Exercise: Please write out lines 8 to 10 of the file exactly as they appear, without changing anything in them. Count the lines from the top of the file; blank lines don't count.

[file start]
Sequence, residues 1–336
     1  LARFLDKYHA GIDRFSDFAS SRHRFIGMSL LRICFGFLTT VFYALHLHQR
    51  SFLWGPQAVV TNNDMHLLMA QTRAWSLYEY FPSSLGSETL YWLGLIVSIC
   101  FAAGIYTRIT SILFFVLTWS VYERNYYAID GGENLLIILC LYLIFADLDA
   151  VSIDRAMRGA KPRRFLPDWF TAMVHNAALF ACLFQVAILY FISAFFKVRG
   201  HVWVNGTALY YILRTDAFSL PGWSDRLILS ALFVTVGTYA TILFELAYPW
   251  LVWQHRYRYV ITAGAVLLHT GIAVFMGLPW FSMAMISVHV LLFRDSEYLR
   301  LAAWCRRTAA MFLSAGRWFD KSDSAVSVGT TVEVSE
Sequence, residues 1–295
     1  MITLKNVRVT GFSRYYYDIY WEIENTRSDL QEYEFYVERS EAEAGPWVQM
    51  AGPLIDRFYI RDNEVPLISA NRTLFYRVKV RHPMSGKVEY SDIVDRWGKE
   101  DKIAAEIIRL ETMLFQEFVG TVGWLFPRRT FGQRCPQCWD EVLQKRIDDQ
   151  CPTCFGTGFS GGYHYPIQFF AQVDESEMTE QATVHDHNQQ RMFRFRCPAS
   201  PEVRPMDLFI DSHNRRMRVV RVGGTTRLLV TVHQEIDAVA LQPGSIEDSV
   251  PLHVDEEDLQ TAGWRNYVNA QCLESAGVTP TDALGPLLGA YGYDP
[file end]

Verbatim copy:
   301  LAAWCRRTAA MFLSAGRWFD KSDSAVSVGT TVEVSE
Sequence, residues 1–295
     1  MITLKNVRVT GFSRYYYDIY WEIENTRSDL QEYEFYVERS EAEAGPWVQM